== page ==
The Belle Époque era is defined as being between 1871 and 1914. The term ‘belle époque’ is French, meaning ‘beautiful era’. It is defined as such as it sits directly between the Franco-Prussian war and the beginning of World War I, and so it is regarded as a time of relative peace and prosperity.
This period can be defined by increased technological innovations and scientific discoveries, while the cultural value of artistic pursuits was widely-celebrated. This era was named retrospectively, as it was viewed as a golden age in comparison with the wars which bookended its existence.
The Belle Époque era has been rose-tinted and viewed as a near-perfect period of time because of the contrast surrounding it. Throughout the significant European cities such as Paris and Milan, homelessness and widespread poverty were still ever-present, but they have been largely forgotten or ignored in favour of remember the best parts of this time.
The Belle Époque style is defined by ornate decorative elements, similar to those which are found in Art Nouveau jewellery; the two styles overlap considerably. There was a significant increase in the usage of platinum in jewellery crafting, and jewellers across Europe were producing more intricate and detailed pieces. Using strong metals like platinum meant that more gemstones could be held securely with less metal, leading to pavé settings with very eye-catching end results.
Jewellery from the Belle Époque era was heavily inspired by the lavish Rococo era which came before; emulating a lot of the over-the-top styles found in Marie Antoinette’s own style and jewellery pieces. The style features a lot of symmetrical pieces which imitate the natural world, with elongated sloping shapes taking preference over angular, sharp ones.
Common thematical features of Belle Époque jewellery include bows, ribbons, garland designs and wreaths. These highly decorative features create the ornate appearance of jewellery from this period. Belle Époque jewellery is known for being glamorous and tasteful whilst still maintaining a somewhat bombastic aesthetic.
Belle Époque Jewellery Types
While jewellery of all kinds was made in the Belle Époque style, there are certain types of Belle Époque jewellery pieces that are emblematic of the time period itself. Pendants, for example, are the perfect symbols of the styles prominent throughout the late-1800s and early-1900s.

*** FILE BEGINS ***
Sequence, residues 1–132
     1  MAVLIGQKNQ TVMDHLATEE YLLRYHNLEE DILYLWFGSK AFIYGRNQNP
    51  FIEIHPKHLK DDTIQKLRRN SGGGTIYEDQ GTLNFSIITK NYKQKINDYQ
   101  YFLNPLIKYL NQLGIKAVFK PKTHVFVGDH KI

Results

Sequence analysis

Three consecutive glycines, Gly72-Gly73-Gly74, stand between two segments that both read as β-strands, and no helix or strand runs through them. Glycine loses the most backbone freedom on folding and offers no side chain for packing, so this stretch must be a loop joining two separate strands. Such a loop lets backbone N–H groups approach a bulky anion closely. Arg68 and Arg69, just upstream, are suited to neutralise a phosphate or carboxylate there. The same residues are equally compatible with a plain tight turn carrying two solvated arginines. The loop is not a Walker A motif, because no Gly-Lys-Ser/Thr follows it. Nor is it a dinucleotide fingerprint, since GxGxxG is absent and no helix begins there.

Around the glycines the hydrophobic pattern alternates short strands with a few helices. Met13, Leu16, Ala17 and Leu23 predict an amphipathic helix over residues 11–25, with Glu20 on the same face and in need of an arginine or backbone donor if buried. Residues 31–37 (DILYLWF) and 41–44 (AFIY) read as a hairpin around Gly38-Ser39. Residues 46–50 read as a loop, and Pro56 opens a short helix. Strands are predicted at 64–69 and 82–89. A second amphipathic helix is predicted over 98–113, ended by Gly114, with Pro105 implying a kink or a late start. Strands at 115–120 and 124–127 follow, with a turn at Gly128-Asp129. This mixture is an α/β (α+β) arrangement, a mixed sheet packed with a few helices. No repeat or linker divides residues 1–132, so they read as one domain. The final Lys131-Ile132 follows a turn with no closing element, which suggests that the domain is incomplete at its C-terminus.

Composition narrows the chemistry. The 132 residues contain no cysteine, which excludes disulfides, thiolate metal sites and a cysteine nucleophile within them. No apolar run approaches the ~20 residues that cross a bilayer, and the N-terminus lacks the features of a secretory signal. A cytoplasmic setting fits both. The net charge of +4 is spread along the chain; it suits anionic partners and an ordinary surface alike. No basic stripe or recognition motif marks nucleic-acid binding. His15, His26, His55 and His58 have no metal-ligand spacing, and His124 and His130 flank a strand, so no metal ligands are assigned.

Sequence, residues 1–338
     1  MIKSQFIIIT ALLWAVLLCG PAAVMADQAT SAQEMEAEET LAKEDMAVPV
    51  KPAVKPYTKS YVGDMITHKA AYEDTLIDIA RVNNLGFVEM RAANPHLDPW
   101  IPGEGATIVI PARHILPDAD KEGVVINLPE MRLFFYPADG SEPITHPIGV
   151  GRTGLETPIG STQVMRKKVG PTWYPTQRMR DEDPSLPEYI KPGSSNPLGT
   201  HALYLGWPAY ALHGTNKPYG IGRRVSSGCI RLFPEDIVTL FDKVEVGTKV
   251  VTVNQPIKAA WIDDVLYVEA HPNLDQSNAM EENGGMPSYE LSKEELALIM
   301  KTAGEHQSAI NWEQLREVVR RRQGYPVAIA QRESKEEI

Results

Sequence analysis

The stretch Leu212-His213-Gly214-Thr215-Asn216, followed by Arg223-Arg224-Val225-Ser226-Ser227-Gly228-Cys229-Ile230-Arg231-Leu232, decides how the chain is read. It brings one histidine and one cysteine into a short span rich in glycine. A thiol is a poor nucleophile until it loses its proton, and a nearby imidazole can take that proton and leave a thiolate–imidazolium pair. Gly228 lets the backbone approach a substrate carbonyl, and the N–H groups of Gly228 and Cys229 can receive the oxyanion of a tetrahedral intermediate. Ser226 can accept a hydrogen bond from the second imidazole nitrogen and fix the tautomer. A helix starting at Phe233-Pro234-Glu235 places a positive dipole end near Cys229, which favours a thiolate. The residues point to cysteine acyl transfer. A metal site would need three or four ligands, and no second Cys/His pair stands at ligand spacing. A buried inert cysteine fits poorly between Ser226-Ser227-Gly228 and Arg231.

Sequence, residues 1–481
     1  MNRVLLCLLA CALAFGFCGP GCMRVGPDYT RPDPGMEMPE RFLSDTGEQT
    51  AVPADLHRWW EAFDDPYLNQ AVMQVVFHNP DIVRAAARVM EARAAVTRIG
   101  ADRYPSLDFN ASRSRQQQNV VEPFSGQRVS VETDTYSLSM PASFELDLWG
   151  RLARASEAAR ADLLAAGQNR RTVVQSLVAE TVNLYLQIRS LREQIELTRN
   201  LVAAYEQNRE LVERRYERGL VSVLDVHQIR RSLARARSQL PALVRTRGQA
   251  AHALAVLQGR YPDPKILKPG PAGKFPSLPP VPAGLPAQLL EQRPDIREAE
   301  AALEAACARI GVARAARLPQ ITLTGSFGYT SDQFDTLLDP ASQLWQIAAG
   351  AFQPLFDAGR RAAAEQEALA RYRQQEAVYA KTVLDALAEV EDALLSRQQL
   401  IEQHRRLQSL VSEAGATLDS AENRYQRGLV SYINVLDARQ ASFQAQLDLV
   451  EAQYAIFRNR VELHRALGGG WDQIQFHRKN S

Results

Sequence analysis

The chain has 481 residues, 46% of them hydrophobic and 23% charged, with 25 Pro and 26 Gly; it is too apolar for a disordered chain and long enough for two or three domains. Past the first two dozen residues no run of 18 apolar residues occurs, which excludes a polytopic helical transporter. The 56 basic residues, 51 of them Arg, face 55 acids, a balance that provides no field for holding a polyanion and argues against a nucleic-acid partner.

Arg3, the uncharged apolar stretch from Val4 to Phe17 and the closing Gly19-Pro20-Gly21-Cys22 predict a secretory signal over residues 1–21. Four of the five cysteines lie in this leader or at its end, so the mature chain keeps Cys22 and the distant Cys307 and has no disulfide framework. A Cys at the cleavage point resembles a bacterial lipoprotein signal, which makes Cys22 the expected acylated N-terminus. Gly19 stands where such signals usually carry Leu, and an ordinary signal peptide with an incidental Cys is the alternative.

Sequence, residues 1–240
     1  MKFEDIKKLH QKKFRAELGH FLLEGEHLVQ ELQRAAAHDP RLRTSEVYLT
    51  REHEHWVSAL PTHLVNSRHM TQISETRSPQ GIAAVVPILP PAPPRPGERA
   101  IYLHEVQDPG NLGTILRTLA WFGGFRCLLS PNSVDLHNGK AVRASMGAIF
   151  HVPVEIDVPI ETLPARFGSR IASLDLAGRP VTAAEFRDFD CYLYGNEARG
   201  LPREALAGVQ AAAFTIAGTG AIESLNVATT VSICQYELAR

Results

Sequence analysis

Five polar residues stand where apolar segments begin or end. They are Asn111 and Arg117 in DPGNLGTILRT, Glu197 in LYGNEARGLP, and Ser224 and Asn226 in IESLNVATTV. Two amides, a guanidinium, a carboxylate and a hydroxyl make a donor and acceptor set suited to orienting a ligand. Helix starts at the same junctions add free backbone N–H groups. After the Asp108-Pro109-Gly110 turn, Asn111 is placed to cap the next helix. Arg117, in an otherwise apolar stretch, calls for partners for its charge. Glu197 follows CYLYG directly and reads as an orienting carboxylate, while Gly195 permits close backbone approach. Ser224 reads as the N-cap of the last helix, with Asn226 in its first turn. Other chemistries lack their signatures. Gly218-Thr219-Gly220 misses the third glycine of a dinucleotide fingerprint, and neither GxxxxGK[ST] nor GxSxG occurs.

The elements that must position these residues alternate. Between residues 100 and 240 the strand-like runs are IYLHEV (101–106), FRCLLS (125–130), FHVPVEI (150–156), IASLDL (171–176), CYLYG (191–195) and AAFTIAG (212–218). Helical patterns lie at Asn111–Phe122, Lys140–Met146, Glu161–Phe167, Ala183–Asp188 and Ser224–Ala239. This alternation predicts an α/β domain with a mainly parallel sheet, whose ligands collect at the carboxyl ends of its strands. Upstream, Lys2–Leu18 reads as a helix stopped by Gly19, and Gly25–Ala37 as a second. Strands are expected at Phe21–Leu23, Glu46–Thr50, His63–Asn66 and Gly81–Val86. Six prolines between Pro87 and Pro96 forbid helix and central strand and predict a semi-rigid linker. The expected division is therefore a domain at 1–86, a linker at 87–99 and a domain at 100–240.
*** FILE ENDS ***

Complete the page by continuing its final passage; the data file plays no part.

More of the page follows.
Another example is brooches. Brooches crafted in the Belle Époque style are the ideal size and shape to properly demonstrate the sweeping shapes and curves often found in this aesthetic. Furthermore, headwear like tiaras and diadems were popular during this time, not having quite such an extreme royal connection as they do today.
These pieces were not commonly made long after the Belle Époque, with historical events like World War I taking precedence and such lavish types of jewellery falling to the wayside for their lack of practicality.
Our Belle Époque Jewellery
With the time period and aesthetics firmly established, we will explore some Belle Époque jewellery pieces currently within the AC Silver vaults and appreciate them as examples of their time period.
Antique Austrian Diamond Pendant
This antique jewellery piece perfectly embodies all of the aspects of Belle Époque jewellery that are highly sought-after and appreciated today. The pendant itself is almost reminiscent of a butterfly in its shape, with two outstretched wings which are heavily decorated with diamonds.
The bow at the apex of the pendant lines up with a central feature diamond in addition to a diamond drop at the tapered terminal of the piece. Yellow gold and white gold are utilised together to create a delicate duality of colour in this jewellery piece. The curving lines at either shoulder of the pendant show floral influences, replicating patterns found in nature.
Peridot and Diamond Platinum Pendant
This pendant shows a garland or wreath-like style which is very typical of the Belle Époque era.
The paired leaf swag extending to create the terminal of the pendant features a large number of diamonds, also a common feature of jewellery from the Belle Époque period of platinum jewellery creation.
The focal peridot is a pear-cut gemstone showing a natural green colour, a colour which was used often at the turn of the 20th century.
The dramatic splay of diamonds at the apex of the pendant is the finishing touch that makes this piece of jewellery a very typical piece of Belle Époque jewellery.
Diamond and Pearl Brooch Circa 1890
This brooch is another example of the common sweeping shapes found in jewellery from this time period. The broad top of the brooch features a sequence of inter-connected platinum settings which overlap and interweave with one another, another popular element of Belle Époque jewellery.
The gathering at the terminal of the brooch brings all of the platinum strands together and culminates in a diamond and a single pearl drop which completes the design. The use of pearls and diamonds together is a commonplace feature in Belle Époque jewellery pieces, paired with platinum in this piece to create a crowded, millegrain decorated finished piece.
Although the Belle Époque period certainly had its faults, it is remembered through rose-tinted glasses as a golden age, and – for much of Europe – it was a time of significant innovation in all areas of life. Belle Époque jewellery is just one area in which the advancements of the time are glaringly obvious and still widely appreciated today.
Andrew Campbell started trading in antiques during the 1970s. Initially, Andrew lived in the South of England, travelling the country, searching for items of silver to buy. Andrew sold these items at various London markets and antique fairs. Over time, and through selling at a range of venues, Andrew built up a large and diverse customer base from private buyers to national and international trade customers.